6. Don't let anyone make you feel guilty.  Seriously.  Formula is not poison, despite what some mommy bloggers would have you believe.  I have a friend who is a physician and had a baby.  She nursed for six weeks and quit.  She said she just wasn't cut out for it, she was going back to work, etc.  She knows the literature and the benefits better than anyone, but it just wasn't for her.  She tried her best and it didn't work out and she shouldn't feel bad about that.


7.  Bottle service.  OMG. So, when our fabulous pediatrician told us that we should introduce a bottle at six weeks and keep giving bottles so that Reese wouldn't reject them after that, we promptly went home, gave her a bottle, celebrated, and then ignored the rest of her advice.  Yeah, Reese refused a bottle for the next TEN FRICKING MONTHS.  Don't do this.  Keep giving them bottles.  Even though pumping is a pain and it takes less time to just nurse, UGH.  Listening to her scream while my husband tried to get the stupid piece of rubber in her mouth? Torture. Don't even get me started on the number of different bottles we bought that take up a bin in our house.

8.  Treat yo'self.  Yay!  You've made it!  You're nursing!  Now, go and buy yourself something pretty.  There are actually pretty nursing bras out there, like those from Cake Lingerie, HOTmilk, and Elle MacPherson.  ASOS actually has an awesome selection and free shipping/returns.  Also, there are cute nursing clothes!  Check out Pregnant Fashionista, Milk-Friendly, and Ain't No Mom Jeans for some pretty comprehensive nursing friendly fashion advice and don't forget that Target actually has a great nursing selection.

9.  Gear only gets you so far.  Before I gave birth, I was convinced that I would need a Boppy pillow and tons of nursing shirts.  First of all, I hated the Boppy.  HATED IT.  Something about the height and my short waisted-ness, I don't know.  I ended up just using a bed pillow most of the time.  Also, with the breast pump.  I only had a handheld (yeah, you read that right) but I'm glad that I didn't spring for the big one since Reese thought the bottle was evil.  Next time (when the baby will take a bottle, oh yes) I think I would look for a reusable one like the Hygeia EnJoye which can be safely passed to a friend when you're done.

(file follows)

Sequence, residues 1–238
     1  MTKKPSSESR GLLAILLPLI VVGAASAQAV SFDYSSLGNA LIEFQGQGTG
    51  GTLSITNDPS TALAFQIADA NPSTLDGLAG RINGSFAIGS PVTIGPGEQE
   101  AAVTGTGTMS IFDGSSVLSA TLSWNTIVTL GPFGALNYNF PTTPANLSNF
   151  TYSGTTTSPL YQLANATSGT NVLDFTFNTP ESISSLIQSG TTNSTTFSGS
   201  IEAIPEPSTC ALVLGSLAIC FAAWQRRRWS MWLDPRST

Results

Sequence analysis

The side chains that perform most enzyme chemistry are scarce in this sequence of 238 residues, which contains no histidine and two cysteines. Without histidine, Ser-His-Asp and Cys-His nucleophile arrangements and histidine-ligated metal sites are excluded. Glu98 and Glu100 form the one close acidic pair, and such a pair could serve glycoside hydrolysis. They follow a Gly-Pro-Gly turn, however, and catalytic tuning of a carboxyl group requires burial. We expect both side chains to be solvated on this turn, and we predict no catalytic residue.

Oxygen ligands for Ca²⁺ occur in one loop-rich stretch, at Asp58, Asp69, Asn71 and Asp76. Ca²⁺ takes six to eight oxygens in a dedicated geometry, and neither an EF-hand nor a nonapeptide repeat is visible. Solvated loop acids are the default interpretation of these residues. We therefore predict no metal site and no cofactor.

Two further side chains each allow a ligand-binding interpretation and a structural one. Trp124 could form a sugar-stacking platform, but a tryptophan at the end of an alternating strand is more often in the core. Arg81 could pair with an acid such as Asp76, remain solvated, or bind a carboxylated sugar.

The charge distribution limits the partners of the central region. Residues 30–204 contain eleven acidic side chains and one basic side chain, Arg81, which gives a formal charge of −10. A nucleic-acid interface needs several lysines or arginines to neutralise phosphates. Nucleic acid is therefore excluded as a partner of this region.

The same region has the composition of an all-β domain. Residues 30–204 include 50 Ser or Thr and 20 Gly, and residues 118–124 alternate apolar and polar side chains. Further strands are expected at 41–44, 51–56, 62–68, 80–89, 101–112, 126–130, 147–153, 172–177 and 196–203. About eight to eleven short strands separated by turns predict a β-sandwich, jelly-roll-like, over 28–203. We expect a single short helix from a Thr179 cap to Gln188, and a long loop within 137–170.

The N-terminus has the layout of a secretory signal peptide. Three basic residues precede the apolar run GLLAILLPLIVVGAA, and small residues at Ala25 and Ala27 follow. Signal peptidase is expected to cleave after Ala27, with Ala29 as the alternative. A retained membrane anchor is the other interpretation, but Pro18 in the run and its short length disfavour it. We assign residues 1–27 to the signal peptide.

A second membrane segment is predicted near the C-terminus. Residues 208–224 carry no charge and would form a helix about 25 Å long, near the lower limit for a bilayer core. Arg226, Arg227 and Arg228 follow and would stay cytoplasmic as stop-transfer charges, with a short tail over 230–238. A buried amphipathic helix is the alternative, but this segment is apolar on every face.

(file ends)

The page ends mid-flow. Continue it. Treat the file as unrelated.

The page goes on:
10.  TRY.  You can't fail.  Doesn't that sound super Yoda-esque?  The only way you can fail is by beating yourself up for anything.  This is about you and your baby and no one else.  I mean, I would encourage everyone to try really hard, but if it doesn't work out, hey...at least you nursed for that time.

Bonus!  Here's my plug for trying.  I will tell you this, there are a lot of myths out there about breastfeeding.  First of all, it's not weird or gross or indecent.  Second, damn, does it help you drop the lbs.  Third, it won't necessarily mean that you'll be up all night, Reese started sleeping through the night at 8 weeks.  Fourth, you don't have to breastfeed until the kid is in college, despite what that stupid Time Magazine cover said.  Five, it's a great way to get your husband/partner to do everything else because you're nursing.